Director: Stephen Belber
Cast: Jennifer Aniston, Steve Zahn, Woody Harrelson,
Fred Ward, James Hiroyuki Liao, Katie O'Grady, Yolanda Suarez
RunTime: 1 hr 34 mins
Released By: Festive Films & GV
Official Website: http://www.festivefilms.com/
Opening Day: 13 August 2009
MANAGEMENT is a romantic comedy that chronicles
a chance meeting between Mike Cranshaw (Steve Zahn) and Sue
Claussen (Jennifer Aniston).
When Sue checks into the roadside motel owned
by Mike's parents in Arizona, what starts with a bottle of
wine "compliments of MANAGEMENT" soon evolves into
a multi-layered, cross-country journey of two people looking
for a sense of purpose. Mike, an aimless dreamer, bets it
all on a trip to Sue's workplace in Maryland – only
to find that she has no place for him in her carefully ordered
down and obsessed with making a difference in the world, Sue
goes back to her yogurt mogul ex-boyfriend Jango (Woody Harrelson),
who promises her a chance to head his charity operations.
But, having found something worth fighting for, Mike pits
his hopes against Sue's practicality, and the two embark on
a twisted, bumpy, freeing journey to discover that their place
in the world just might be together.
The first thing that caught our attention about this comedy is how everybody’s favourite Friend Jennifer Anniston looks so, well, worn out. After all, the California born actress had her fair share of glitz and glam in showbiz – other than once known as one half of Hollywood’s Golden Couple that is Brad and Jennifer (the breakup proves that happy endings are still possible in the pretty world of Hollywood), she has also shone in older movies like Along Came Polly (2004) and Rumour Has It (2005) and the newer ones like Marley & Me (2008) and He’s Just Not That Into You (2009). So how did the pretty actress manage to go so low profile with his comedy, with its simple promotional poster and, gasp, her lack of star power in the trailer?
Anniston plays a traveling art saleswoman who meets a roadside motel night manager in a most unexpected manner: She checks into the motel run by his parents, he presents a bottle of wine “compliments of the management” (hence the title of this movie, we guess), and before the both of them know it, a cross country courtship between the two begins. Throw in a punk ex boyfriend, an Asian friend, and a monastery head, and what you get is this comedy that chronicles two people’s expeditions to find happiness in life.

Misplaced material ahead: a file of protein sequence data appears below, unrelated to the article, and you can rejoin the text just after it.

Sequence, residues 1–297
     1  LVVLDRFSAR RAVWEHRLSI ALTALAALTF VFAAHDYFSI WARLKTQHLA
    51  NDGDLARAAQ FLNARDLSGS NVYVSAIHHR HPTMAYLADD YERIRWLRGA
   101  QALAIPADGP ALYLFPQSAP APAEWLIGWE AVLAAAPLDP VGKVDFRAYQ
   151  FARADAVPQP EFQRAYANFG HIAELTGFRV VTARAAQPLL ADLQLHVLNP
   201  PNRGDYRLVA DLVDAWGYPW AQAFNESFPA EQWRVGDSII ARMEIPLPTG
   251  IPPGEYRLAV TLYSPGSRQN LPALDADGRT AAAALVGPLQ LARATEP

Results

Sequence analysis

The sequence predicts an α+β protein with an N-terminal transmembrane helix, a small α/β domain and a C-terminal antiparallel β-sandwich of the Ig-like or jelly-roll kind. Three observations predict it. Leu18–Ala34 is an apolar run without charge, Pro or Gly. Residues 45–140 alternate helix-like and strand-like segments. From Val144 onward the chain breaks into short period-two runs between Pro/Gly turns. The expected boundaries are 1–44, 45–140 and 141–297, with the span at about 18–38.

And being a Hollywood production, no matter how frumpy or low key the stars get, there is a structure that makes us shake our heads one third into the 94 minute movie – yes, you know that feeling if you are a seasoned movie watcher, the one that tells you this is another “been there, done that” formula.
The Hollywood system is fond of churning out pleasing comedies like that to milk the money out of escapists who think that they can end up in happily ever afters like the movie protagonists (it’d be a bonus if your mate looks like Anniston too). Nothing wrong with that though, because if you bother to exercise your brains a bit, this picture does set out to evoke some reflective questions of what happiness is, and the lengths (some more radical and inventive than the others) people are willing to go to attain that happiness. However, as the story progresses, you are conveniently slipped into the given mode that things between the guy and girl will turn out fine. And despite the filmmakers’ attempts to pull one last plot twist before the credits roll, you know a happy ending is still in store for the mass audience.
To be fair, it starts out rather interestingly with the premise of the night manager delivering wine (twice!) to Anniston, hoping to pick her up. And the fact that she agreed to let him touch her butt is one of the funniest script plot we’ve seen in a while.
Another thing to watch out for in this Stephen Belber (TV’s Law and Order: Special Victims Unit) directed movie is its sparkling performances by the cast. Anniston’s subdued yet amusing performance aside, points go to male lead Steve Zahn (Sunshine Cleaning, Rescue Dawn) manages to hold his own beside his more popular co star. He will have you empathize with his character, despite him being a relentless stalker (the part where he parachutes into a pool had us laughing). Anniston and Zahn’s worthy performances are supported by Woody Harrelson’s (Semi-Pro, Battle in Seattle) hilarious portrayal as a violent ex boyfriend.
Sure, this movie may be accessible in terms of duration, and the individual cast members deliver commendable performances in their own rights, but it doesn’t save the movie from being an unoriginal take on how we can seek happiness.
(A been-there-done-that comedy that’s merely passable)
Review by John Li